Houdini 20.0 Executing tasks with PDG/TOPs

Waiting for upstream results

It is often necessary to describe in the network what jobs must finish before other jobs can begin.

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In a TOP network, some work items can be dependent on other jobs, meaning the first item must finish before the second item can begin. This is sometimes referred to as a child item being dependent on a parent item.

  • When an new item is generated from an incoming item in a processor node, the new item automatically is dependent on the incoming item.

  • Downstream items can be dependent on upstream items (for example, you can only render a simulated frame once the geometry is generated), or items can depend on other items in the same node (for example, when you generate a simulation, each frame must wait for the previous frame).

One way to tell you need a partitioner is when a node is obviously generating too much work. For example, generating a video should be one piece of work, not separate work items for each frame. This indicates you need a Wait for All node before the video encode node:

Creating dependencies

Often you need to “teach” the network about dependencies (that is, where to wait for upstream work to finish before proceeding), using a partitioner node.

Wait for All

Waits for all input work items to finish. This is commonly used at the end of a “pipeline” step (when we know the next step needs all the inputs to be ready). For example, you must wait for all frames to render before generating a video file.

Wait for All is most commonly used at the end of the entire network to gather together all upstream branches (perhaps before some notification nodes).

Partition by Frame

Waits for all input work items with the same frame number to finish. This is common in rendering and simulation workflows, where you have parallel work generated from input frames, but then need to merge those intermediate results into a “final” frame.

Partition by Attribute

Waits for groups of input work items that have the same value for a certain attribute. This lets you use attributes to set up arbitrary partitions.

For example, you could grab a bunch of file paths with File Pattern, then group together the paths that share a certain substring.

Partition items

Partitioner nodes create new work items that depend on a set of incoming work items (the work items the parition item is waiting for). These partitions are not necessarily exclusive: you can have multiple partition items depending on the same incoming item.

Similar to how work items created from incoming work items inherit the incoming item’s attributes, partition items inherit the attributes of the incoming items merged into lists. This may be useful in certain workflows, for example you could sum or average lists of numeric attributes from the incoming nodes.

Extracting work items from a partition

A partition work item isn’t actually a “group” containing the items that were merged together, however you can extract the work items as if it was, using the Work Item Expand node.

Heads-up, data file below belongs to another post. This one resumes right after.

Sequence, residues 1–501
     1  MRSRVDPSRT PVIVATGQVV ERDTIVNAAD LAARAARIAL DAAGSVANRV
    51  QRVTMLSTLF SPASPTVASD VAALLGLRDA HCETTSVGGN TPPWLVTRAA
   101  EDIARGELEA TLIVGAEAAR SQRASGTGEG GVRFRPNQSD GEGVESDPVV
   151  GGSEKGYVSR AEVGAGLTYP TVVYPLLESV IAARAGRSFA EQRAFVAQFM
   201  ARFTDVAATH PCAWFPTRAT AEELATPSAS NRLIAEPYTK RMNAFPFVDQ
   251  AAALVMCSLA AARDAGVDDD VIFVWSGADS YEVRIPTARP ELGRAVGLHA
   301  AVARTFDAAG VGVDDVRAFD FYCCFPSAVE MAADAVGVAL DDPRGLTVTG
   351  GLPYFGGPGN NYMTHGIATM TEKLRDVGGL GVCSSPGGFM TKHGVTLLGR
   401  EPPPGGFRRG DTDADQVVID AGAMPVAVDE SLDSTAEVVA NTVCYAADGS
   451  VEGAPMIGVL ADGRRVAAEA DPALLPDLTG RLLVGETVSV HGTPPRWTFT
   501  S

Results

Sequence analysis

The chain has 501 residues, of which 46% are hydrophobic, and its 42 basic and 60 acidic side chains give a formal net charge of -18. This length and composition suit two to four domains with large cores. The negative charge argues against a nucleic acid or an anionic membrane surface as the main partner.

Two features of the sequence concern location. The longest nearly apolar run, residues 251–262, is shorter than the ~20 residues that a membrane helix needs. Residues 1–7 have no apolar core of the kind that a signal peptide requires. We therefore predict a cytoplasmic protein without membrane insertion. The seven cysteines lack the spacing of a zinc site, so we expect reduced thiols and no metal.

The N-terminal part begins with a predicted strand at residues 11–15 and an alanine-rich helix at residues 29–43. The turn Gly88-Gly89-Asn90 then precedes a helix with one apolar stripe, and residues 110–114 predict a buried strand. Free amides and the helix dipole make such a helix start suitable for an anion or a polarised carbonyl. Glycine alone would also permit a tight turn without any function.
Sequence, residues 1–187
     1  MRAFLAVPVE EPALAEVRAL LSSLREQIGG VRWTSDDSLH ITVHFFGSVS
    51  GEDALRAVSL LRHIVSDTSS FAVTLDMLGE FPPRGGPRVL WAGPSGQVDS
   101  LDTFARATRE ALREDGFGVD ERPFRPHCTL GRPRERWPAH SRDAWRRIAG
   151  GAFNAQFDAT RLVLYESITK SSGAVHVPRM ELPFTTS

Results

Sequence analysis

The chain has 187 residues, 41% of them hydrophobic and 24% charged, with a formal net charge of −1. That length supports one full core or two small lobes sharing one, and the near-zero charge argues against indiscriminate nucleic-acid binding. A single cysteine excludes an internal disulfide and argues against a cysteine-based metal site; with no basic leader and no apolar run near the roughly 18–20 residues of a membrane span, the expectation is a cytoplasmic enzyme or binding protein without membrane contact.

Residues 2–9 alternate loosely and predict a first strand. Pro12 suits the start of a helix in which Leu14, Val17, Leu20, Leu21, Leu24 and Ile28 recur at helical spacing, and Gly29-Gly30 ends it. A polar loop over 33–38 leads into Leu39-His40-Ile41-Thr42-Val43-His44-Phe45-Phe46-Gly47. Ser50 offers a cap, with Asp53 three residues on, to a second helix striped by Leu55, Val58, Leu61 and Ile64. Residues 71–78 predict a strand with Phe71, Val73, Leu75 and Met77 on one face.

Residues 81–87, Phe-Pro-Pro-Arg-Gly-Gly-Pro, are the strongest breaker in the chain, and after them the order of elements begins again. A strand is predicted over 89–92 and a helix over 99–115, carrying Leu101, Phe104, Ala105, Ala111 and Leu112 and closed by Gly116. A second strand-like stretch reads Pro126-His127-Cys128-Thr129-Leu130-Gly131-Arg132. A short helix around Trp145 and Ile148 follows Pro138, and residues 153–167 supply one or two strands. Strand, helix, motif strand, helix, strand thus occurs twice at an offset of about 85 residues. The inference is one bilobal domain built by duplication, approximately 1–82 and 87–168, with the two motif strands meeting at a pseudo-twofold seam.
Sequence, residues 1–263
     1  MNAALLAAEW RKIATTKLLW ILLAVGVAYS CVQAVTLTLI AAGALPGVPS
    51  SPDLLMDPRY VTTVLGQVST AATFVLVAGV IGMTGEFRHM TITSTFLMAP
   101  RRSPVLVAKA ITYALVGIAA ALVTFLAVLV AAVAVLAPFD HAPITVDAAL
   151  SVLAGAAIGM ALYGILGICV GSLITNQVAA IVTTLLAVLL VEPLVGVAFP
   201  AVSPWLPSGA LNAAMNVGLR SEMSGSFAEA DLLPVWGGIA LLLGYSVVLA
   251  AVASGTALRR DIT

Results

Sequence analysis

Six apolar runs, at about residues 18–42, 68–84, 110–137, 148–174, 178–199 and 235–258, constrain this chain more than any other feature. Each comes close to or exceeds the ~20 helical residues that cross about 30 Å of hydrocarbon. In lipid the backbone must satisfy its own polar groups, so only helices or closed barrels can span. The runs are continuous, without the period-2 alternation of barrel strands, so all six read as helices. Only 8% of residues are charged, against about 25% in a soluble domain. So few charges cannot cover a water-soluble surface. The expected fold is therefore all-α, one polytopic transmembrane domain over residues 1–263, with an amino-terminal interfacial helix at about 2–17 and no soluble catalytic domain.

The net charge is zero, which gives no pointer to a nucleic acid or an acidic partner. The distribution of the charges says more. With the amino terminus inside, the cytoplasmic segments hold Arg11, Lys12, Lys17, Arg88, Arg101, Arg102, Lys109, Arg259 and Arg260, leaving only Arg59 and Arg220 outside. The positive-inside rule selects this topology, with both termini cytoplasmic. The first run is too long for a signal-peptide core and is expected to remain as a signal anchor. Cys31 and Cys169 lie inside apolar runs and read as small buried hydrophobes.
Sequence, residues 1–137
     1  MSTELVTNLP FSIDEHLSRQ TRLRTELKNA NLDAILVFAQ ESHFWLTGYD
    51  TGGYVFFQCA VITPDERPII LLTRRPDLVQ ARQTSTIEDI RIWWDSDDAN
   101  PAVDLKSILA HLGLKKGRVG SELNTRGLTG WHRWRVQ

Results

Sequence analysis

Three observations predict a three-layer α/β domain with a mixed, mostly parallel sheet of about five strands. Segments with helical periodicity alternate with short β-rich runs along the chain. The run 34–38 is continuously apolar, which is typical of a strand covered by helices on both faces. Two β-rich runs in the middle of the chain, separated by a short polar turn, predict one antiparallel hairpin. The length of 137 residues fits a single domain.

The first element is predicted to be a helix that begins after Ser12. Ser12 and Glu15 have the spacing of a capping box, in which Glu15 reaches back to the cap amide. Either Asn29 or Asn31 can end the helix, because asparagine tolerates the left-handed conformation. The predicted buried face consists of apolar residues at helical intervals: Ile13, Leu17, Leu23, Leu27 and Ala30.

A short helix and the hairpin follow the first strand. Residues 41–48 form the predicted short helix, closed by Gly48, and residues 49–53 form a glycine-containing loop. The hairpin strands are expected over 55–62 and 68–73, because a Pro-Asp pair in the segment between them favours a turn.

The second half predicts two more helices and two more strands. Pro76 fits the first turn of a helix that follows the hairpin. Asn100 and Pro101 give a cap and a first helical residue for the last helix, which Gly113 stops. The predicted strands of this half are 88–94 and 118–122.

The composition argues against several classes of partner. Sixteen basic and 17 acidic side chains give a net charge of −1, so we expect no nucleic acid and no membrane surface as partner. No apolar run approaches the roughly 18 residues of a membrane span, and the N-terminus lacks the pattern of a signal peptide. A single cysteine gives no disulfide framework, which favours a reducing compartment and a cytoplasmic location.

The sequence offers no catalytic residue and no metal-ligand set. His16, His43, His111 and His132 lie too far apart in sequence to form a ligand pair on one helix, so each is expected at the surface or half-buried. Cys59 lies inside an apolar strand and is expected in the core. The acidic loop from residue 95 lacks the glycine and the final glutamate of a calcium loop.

This can be useful in certain workflows where you take advantage of partition nodes (such as Partition by Attribute) to group work items together based on certain criteria, but then want to continue on doing work on the grouped items, instead of on the merged single partition item.

Executing tasks with PDG/TOPs


Beginner Tutorials

Next steps

  • Running external programs

    How to wrap external functionality in a TOP node.

  • File tags

    Work items track the results created by their work. Each result is tagged with a type.

  • PDG Path Map

    The PDG Path Map manages the mapping of paths between file systems.

  • Feedback loops

    You can use for-each blocks to process looping, sequential chains of operations on work items.

  • Service Blocks

    Services blocks let you define a section of work items that should run using a shared Service process

  • PDG Services

    PDG services manages pools of persistent Houdini sessions that can be used to reduce work item cooking time.

  • Integrating PDG with render farm schedulers

    How to use different schedulers to schedule and execute work.

  • Visualizing work item performance

    How to visualize the relative cook times (or file output sizes) of work items in the network.

  • Event handling

    You can register a Python function to handle events from a PDG node or graph

  • Tips and tricks

    Useful general information and best practices for working with TOPs.

  • Troubleshooting PDG scheduler issues on the farm

    Useful information to help you troubleshoot scheduling PDG work items on the farm.

  • PilotPDG

    Standalone application or limited license for working with PDG-specific workflows.


  • All TOPs nodes

    TOP nodes define a workflow where data is fed into the network, turned into work items and manipulated by different nodes. Many nodes represent external processes that can be run on the local machine or a server farm.

  • Processor Node Callbacks

    Processor nodes generate work items that can be executed by a scheduler

  • Partitioner Node Callbacks

    Partitioner nodes group multiple upstream work items into single partitions.

  • Scheduler Node Callbacks

    Scheduler nodes execute work items

  • Custom File Tags and Handlers

    PDG uses file tags to determine the type of an output file.

  • Python API

    The classes and functions in the Python pdg package for working with dependency graphs.

  • Job API

    Python API used by job scripts.

  • Utility API

    The classes and functions in the Python pdgutils package are intended for use both in PDG nodes and scripts as well as out-of-process job scripts.